‘Commitment to social change’: ADF pays out $2.8m in redress
MORE than $2.8 million in National Redress Scheme payments have been made to victims of abuse inflicted under the care of the Australian Defence Force.
Terminally ill abuse survivor, Goonellabah man Vernon Wilson, hopes to be added to that figure before it's too late.
Page MP Kevin Hogan recently confirmed he would lobby Family and Social Services Minister Anne Ruston for Mr Wilson's redress application to be fast tracked.
Mr Wilson has been waiting nine months to have his application processed and has voiced concerns about delays in the redress process.
In a statement, an ADF spokeswoman said redress decisions were made by independent decision makers and, like other institutions, they had no engagement in that process.
But she confirmed there had been $2.832 million paid by Defence to acknowledge abuse.
Defence has responded to 199 requests for information since it joined the redress scheme at its inception in July 2018.
"Defence is required to meet timelines for providing information to the Scheme and generally meets or exceeds those requirements," she said.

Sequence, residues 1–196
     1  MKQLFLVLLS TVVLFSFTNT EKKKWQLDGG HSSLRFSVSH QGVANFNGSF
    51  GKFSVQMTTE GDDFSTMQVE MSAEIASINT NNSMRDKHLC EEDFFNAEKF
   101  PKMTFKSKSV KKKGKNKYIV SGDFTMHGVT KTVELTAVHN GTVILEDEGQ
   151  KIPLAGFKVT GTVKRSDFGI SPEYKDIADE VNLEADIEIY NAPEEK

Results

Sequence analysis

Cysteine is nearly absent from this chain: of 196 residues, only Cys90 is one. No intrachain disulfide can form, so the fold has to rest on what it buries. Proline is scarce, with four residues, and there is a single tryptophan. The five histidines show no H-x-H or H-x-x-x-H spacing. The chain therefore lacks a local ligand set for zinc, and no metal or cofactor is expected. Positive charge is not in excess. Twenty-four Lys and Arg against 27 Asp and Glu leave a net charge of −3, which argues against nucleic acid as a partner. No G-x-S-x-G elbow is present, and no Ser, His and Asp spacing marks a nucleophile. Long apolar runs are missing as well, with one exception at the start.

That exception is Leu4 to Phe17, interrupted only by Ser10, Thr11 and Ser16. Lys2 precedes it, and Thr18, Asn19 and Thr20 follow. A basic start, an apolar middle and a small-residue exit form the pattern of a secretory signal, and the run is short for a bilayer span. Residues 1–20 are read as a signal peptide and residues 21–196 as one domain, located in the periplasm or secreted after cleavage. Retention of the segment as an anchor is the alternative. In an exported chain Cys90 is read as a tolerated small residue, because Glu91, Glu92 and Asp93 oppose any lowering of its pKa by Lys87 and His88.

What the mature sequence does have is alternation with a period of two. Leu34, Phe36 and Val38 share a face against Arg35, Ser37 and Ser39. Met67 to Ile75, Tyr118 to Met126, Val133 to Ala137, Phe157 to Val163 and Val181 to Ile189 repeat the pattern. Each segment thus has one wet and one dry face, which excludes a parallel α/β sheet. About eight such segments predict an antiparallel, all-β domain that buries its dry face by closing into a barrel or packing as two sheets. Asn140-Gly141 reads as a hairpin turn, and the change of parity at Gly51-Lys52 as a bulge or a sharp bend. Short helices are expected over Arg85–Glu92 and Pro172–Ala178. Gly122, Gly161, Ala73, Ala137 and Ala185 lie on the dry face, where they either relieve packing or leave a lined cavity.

"Defence was an early participant in the National Redress Scheme," she said,
"Defence also conducts Direct Personal Responses with those people who experienced abuse and wish to participate. This restorative process involves a senior Defence representative listening one-on-one to the survivors account of abuse and apologising for what they suffered.
"Ensuring the people who have experienced abuse are heard is critical to maintaining Defence's commitment to cultural change."
The Department of Social Services is prohibited by law from discussing the progress of Mr Wilson's application.
The legal firm handling his claim, Shine Lawyers, has also been lobbying on his behalf.